intrusted to me with a due and proper regard for
the confidence placed in me by my patrons.
? also represen: one of the leading Life and Acci
dent Health companies. Respectfully soliciting a
share of your business and with appreciation ot
past kindnesses shown me, 1 ara, truly yours,
C. A. Griffin,
Hear of N. G. Evans, Esq .
Augusta's Leading
Jewelry Store
Our st' ck of silverware, decorated china, cut
plass, gold, silvery jewelry, diamonds, watches
and silver novelties was never larger.
Everything is from the leading and most relia
ble manufacturers in the country.
Let us supply \ our needs. We have never
boen better equipped in every department, and
what is best our prices arc very reasonable. Sat
isfaction guaranteed, Will be a pleasure to show
von through cur stock.
A. J. Renkl
We selected and registered
this trade-mark and it ap
pears on the bags of all our
fertilizers. It is your guar
antee of 100% quality and
protection against inferior
This Giant Lizard-a land animal,
weighing 25 to 30 tons, lived in
South Carolina during the forma
tion of our phosphate beds.
White Boys and Girls from 12 to 25
years old to learn to spin and weave
in Bagging Mili;will start pay at from
Per week while learning. After
learning can earn from
vj Address
Per week
Mill runs 57 hours per week, 1-2 day
holiday Saturday. Families having
3 or more boys or girls to work can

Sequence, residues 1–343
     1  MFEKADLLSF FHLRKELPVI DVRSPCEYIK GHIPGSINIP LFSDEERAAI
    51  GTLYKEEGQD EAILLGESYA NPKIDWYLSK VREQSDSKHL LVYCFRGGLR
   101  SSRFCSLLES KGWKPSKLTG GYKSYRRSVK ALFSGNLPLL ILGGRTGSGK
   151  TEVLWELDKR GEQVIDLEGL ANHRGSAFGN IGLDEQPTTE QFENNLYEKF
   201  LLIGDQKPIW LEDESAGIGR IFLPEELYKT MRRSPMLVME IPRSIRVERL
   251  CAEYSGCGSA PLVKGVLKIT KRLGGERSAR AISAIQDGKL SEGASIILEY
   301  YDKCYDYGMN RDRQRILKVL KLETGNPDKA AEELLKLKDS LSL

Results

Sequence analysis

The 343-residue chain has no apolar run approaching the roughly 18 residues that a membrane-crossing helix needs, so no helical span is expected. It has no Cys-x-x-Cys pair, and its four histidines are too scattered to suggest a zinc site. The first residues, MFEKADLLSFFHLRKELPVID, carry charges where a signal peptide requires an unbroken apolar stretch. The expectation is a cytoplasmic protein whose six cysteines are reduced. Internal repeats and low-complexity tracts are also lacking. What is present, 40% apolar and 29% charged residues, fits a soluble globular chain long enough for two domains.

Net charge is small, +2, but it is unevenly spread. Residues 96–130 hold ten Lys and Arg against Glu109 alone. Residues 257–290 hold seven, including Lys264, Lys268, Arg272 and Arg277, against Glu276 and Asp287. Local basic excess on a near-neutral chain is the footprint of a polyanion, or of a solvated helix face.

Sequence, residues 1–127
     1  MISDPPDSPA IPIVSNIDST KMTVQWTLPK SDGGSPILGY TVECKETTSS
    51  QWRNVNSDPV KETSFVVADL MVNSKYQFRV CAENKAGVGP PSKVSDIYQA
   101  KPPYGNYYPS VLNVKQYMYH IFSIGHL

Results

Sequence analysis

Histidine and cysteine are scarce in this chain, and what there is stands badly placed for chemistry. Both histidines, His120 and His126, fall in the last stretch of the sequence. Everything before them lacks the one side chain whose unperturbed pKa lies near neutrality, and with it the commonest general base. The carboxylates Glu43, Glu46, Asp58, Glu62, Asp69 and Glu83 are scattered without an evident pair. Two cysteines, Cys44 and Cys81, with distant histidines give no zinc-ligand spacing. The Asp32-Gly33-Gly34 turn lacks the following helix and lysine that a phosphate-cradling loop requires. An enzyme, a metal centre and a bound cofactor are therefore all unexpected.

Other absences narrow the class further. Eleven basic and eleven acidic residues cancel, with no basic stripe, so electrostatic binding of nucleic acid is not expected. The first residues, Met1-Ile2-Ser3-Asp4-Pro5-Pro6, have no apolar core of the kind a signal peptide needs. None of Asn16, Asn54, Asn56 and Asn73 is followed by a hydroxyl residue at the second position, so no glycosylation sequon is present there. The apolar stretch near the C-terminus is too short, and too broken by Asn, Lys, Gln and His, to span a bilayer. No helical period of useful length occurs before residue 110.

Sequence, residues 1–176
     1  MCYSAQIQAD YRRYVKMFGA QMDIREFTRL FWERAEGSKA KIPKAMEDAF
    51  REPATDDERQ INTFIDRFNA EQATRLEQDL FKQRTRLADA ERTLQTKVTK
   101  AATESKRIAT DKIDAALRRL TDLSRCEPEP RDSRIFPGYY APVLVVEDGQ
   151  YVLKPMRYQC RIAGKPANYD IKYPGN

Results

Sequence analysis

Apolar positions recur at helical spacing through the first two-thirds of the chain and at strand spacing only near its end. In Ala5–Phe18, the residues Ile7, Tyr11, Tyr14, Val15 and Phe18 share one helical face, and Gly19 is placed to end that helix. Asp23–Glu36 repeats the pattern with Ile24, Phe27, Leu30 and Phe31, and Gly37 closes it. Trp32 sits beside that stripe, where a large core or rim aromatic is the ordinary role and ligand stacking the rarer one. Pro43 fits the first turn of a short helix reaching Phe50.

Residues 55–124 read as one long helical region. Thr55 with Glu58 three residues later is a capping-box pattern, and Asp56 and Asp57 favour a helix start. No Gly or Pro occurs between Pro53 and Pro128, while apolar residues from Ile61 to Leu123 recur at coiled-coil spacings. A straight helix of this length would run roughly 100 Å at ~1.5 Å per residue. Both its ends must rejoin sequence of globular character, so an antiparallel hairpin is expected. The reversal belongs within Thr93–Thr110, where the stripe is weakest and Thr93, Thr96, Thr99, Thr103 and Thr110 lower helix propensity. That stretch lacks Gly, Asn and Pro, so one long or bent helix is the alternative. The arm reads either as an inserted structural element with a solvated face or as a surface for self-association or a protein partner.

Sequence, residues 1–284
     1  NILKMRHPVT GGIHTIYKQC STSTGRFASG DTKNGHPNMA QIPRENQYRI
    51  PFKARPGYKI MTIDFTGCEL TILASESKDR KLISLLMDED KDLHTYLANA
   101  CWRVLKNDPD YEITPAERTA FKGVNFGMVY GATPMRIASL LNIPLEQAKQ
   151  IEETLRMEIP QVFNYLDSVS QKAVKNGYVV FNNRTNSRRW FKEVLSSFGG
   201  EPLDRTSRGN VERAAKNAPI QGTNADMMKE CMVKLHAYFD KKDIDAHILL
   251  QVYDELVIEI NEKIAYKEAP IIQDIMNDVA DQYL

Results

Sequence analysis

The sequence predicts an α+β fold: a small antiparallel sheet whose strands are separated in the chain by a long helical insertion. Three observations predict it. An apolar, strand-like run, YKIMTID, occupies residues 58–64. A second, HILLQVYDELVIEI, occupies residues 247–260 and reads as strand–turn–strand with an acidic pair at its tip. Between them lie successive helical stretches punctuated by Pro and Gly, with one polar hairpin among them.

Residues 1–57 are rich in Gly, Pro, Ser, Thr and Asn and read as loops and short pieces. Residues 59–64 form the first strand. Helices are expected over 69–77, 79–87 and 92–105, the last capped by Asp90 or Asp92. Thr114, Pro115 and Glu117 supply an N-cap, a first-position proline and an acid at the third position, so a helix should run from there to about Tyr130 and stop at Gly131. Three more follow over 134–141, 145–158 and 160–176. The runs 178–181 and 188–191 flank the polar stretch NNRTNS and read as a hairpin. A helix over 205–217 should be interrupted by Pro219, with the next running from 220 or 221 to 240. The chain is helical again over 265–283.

get new houses, with bath, electric
lights and, and water, and all mod
ern conveniences at very reasonable
rent within 5 minutes walk of mill.
If interested fill in coupon below
and mail to us.
s ara e __i_
How many in family warning work_
Mmito charleston Bagging Mfg. Co.
Round Trip Excursion Fares to Columbia,
S. C. and Return
Soutkern Railway
Premier Carrier of the South
National Corn Exposition
Jan. 27- Feb. 9,1913
Account of this occasion, the Southern Railway an
nounces very low round trip fares to Columbia. S. C. and
return, tickets on sale January U3. 25, 2I and 31, February
3, t^, 7, 1913 with final limit returning to reach original
starting point not later than midnight February 12, 1913,
as follows : *
Aiken, * $2.45 Edgefield, $2.10
Batesburg $1.20
Leesville $1.20 Johnston, 1.70
Proportionately reduced fores from other points. At
tractive side trip fares from Columbia. For further infor
mation call on nearest ticket tgent, or?
A. H. Acker, TP A., W. E. McGhee, AGFA
Augusta, Ga. Columbia, S. C
H. F. Cary. GPA., S. II. Hardwick PT M
Washington, D.C. Washington, D. C.
Don't Read
If not interested. But you arecbligei to be interested where mon
ey is to be raved in the purchase of necessities of life both for your
self and livestock. We are now in our warehouse, corner of Fenwick
and Cumming street?, two blocks from the Union Passenger Station
where we have the most modern warehouse in Augusta with floor
space of 2 4,800 squa.c feet and it is literally packed with Groceries
and fe.-ds frcm te lar to roof. Our stock must be seen to be appre
ciated. Our expenses are at least 5450.00 a month less since discon
tinuing our store ai 863 Broad street, and as goods are unleaded
from cars to warehe-.se, we are in a pesitim to name very cloe
pnces. If you really want the wcrth ot your money see or write us
ARRBNGTON enos. & co.
Augusto, Ga.
Office and salesroom 8S3 Broad Warehouse Ga. Railroad
P. S. Mr. M. Gary Sntcher is with us and will be glad to see his friends